Beta-blocker toxicity

Isolated beta-blocker overdose is usually benign, but there a couple of beta-blockers that cause cardiac instability. Propranolol acts as a sodium channel blocker thereby widening the QRS and deplete the heart of energy source. Sotalol also blocks the metabolic pathways but also causes potassium channel blockade resulting in prolongation of the QT interval and torsades de pointes. And for a little bit of controversy we’ll explain why glucagon is out and high dose insulin is in.

Toxic Mechanism:

As predicted beta-blockers competitively block beta-1 and beta-2 receptors. This results in decreased production of intracellular cyclic adenosine monophosphate (cAMP) with a resultant blunting of multiple metabolic and cardiovascular effects of circulating catecholamines. In therapeutic doses this leads to a reduced heart rate and blood pressure. In overdose this causes the heart to enter a shock state. Utilising glucose instead of fatty acids which produce less ATP, perpetuating the cycle. Propranolol has the added effect of causing sodium channel blockade, widening the QRS and promoting ventricular dysrhythmias and entering the CNS to exert direct toxicity. Sotalol blocked the cardiac potassium channels causing QT prolongation and the risk of torsades de pointes.


  • Rapid absorption
  • Peak serum concentration 1 – 3 hours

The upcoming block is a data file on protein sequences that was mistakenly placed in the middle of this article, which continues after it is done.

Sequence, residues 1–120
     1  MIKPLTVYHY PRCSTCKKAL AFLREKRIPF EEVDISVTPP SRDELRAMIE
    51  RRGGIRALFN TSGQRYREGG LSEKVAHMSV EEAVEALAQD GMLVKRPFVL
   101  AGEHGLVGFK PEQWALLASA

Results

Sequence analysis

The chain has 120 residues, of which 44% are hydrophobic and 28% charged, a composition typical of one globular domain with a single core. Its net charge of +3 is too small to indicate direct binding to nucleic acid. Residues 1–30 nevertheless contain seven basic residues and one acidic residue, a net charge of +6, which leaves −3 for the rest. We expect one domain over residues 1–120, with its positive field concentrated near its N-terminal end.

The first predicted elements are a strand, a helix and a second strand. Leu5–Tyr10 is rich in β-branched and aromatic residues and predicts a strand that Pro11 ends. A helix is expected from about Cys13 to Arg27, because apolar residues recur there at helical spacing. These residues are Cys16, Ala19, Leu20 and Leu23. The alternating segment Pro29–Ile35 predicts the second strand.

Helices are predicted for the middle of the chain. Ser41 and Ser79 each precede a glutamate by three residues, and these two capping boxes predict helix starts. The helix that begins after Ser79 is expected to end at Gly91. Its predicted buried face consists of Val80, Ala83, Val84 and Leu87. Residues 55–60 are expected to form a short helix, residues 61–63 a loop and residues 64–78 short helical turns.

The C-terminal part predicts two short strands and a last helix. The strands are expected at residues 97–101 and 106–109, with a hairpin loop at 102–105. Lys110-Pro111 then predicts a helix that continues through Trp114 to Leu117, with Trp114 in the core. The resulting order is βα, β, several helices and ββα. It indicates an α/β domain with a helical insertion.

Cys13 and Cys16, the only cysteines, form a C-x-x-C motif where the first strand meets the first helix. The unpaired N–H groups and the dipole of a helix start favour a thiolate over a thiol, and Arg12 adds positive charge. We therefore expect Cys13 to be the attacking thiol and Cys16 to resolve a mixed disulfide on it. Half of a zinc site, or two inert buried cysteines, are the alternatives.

• Propranolol is extremely lipophilic
  • Elimination half lives vary and are extended in overdose. Propanol is normal 12 hours.


  • CNS depression (even GCS 12) requires prompt intubation and hyperventilation (aiming for pH 7.5-7.55)
    • Pre-intubation and on arrival it is vital to get an ECG looking for signs of toxicity (widening of the QRS, large terminal R wave in aVR increased R/S ratio (>0.7) in aVR and QT prolongation). If present give sodium bicarbonate 1-2mmol/kg until effect is seen. Even during the quickest of intubations you will cause a state of acidosis which will exacerbate sodium channel toxicity.
  • Ventricular dysrhythmias:
    • Sodium bicarbonate 2 mmol/kg IV repeated every 1-2 minutes to restore a perfusing rhythm, multiple doses maybe required.
    • It is unlikely that defibrillation will work.
    • Lignocaine 1.5 mg/kg IV is third line when the pH is >7.5.
    • If requiring the kitchen sink approach some people have used intralipid but this is not standard therapy and expert advice should be sought.
    • Type Ia antidysrhythmic agents (e.g. procainamide) and amiodarone are contraindicated
  •  Hypotension:
    • 20ml/kg crystalloid bolus, sodium bicarbonate 2 mmol/kg may restore a MAP >65.
    • Failing this adrenaline and noradrenaline infusions can be used (peripherally at first until able to insert a central line when higher doses can be used, of note the risks of extravasation i.e. tissue necrosis is the same as for push dose pressures and using meteraminol/aramine. Make sure you have a big flowing peripheral line).
    • Noradrenaline dose: 0.15mg/kg in 50ml D5W at 1-10ml/hr (0.05 – 0.5 mcg/kg/min).
    • Adrenaline dose: 0.15mg/kg in 50ml D5W at 1-10ml/hr (0.05 – 0.5 mcg/kg/min).
  • Bradycardia:
    • Atropine 0.01 – 0.03 mg/kg IV (temporising)
    • Isoprenaline 1 – 10 micrograms/min IV infusion (0.05-1.0 microgram/kg/min in children)
    • Adrenaline infusion
    • High dose insulin therapy
  • Torsades de pointes (Sotalol):
    • Administer magnesium sulfate 10 mmol (0.05 mmol/kg in children) IV over 15 minutes.
    • Correct hypoxia, hypokalaemia and hypocalcaemia
    • If heart rate is <100 beats/minute commence an isoprenaline infusion IV at 1-10 microgram/min (0.05-2.0 microgram/kg/min in children) or overdrive pacing to maintain heart rate at 100-120 beats/minute.

Risk Assessment